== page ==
MHS Environmental Club Reboots Recycling

by Megan Freeman

On April 21, Alison Light, sophomore co-president of the Environmental Club, called together a meeting to discuss possible ways to empty the recycling more frequently and efficiently.  Associate Principal Jan Carlson, attendance/health clerk Kim Griffin, head counselor Lois Halls, and others concerned with the problem attended the meeting.

Light suggested a rotation of classes to handle emptying the recycling bins in specific halls.  The administration rejected it due to the teachers’ already tight schedules, but they are open to other suggestions.

“I can’t ask the teachers to take time out of their schedules to empty recycling,” said Carlson.  “Certain teachers already have their students do that, but I can’t make all of the classes participate. They’re just too busy.”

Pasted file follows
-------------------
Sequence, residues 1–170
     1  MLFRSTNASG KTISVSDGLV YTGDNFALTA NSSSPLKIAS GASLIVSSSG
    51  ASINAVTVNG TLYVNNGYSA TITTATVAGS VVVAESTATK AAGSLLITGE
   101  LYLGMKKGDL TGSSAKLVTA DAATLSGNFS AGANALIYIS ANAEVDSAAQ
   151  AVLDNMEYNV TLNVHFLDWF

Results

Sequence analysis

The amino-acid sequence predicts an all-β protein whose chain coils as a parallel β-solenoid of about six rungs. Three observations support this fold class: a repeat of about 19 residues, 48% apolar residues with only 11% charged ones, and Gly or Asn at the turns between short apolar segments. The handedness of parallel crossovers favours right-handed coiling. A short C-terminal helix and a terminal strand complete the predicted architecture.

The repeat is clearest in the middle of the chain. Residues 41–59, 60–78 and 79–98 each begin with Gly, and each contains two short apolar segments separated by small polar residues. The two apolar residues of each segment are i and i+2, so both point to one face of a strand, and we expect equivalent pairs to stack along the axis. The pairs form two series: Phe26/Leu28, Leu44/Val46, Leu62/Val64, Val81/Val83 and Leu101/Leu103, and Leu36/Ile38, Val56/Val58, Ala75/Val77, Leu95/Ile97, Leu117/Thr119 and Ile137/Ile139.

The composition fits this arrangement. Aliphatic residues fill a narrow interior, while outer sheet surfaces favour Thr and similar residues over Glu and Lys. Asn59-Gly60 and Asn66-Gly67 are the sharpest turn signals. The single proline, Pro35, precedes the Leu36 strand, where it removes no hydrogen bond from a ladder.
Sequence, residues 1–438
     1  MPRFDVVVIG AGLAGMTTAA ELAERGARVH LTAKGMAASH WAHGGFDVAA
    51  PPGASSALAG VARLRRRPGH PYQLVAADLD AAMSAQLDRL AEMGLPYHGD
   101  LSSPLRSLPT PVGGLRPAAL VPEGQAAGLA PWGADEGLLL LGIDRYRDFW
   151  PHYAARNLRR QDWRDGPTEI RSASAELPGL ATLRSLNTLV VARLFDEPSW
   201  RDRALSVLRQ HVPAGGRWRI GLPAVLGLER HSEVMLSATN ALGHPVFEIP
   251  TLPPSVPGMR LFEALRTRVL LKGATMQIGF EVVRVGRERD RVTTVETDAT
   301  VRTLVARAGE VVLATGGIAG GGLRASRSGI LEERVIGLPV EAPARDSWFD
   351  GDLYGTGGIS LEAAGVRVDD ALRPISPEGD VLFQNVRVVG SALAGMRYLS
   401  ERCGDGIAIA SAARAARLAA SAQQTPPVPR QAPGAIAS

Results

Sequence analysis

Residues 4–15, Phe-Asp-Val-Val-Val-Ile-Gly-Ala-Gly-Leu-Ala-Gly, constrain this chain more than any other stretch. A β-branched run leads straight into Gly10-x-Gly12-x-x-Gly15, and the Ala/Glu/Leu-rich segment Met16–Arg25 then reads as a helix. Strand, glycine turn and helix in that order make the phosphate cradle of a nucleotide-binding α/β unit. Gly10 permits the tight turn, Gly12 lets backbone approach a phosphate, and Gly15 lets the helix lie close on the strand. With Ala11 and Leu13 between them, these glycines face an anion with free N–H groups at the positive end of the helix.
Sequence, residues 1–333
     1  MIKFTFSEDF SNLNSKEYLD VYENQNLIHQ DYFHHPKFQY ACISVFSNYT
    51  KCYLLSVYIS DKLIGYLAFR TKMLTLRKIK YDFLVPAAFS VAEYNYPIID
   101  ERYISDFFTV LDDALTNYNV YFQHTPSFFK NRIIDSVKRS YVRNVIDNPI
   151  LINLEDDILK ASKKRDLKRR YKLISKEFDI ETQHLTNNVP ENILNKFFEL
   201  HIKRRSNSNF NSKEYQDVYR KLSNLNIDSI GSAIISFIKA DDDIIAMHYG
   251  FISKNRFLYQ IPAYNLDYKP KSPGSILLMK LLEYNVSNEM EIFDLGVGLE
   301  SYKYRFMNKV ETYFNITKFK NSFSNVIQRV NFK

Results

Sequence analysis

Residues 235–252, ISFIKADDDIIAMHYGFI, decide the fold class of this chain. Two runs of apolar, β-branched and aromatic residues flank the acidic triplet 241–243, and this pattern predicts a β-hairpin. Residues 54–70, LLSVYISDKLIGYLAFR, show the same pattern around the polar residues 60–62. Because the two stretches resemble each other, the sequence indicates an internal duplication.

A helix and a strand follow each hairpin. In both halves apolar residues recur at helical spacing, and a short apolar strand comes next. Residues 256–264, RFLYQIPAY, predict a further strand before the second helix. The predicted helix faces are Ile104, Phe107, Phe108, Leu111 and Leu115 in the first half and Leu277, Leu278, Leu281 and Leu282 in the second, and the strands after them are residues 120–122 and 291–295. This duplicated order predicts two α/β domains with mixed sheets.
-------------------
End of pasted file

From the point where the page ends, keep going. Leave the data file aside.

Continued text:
Light is currently working on a proposal in which the school clubs take responsibility for the issue.

“We could have it be mandatory for all clubs to take their turn emptying the bins at least once a year,” said Carlson.  “So one club could be responsible for the ones in the 100’s wing for a day.  It would just be one of their weekly or monthly meetings.  It doesn’t have to be a big deal.”

Currently, study hall supervisor Deirdre Eldridge has her sixth period students empty bins in the hallways.
“If teachers tell me that their bins are full, I can have my students empty them,” said Eldridge.  “Just call me or send me an email and we will take care of it.”

Custodian Vicky Perry maintains the bins on the quad.

“I have to empty them because otherwise they get too full,” she said.  “Kids don’t just put recycling in there, they throw everything in.  They would overflow if I didn’t empty them.”

Another reason to empty the bins frequently is because they attract animals like foxes and raccoons.

“Everyone wants to have recycling, but only a few people are willing to take that responsibility,” said Carlson.  “We all need to be good stewards of the resources we have on this campus and on this earth, and by emptying the recycling, we can begin to do that a little better.”